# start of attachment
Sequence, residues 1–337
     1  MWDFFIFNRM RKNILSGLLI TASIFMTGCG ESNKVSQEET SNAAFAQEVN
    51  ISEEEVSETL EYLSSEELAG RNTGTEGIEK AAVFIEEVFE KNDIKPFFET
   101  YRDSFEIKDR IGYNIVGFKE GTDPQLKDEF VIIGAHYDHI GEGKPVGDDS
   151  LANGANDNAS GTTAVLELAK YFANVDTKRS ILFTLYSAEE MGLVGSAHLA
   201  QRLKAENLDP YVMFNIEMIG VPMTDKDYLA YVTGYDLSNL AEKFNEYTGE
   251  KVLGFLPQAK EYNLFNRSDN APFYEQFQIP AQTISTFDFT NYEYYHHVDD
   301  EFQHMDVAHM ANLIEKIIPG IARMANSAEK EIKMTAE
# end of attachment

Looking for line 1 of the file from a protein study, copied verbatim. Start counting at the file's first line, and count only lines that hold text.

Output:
Sequence, residues 1–337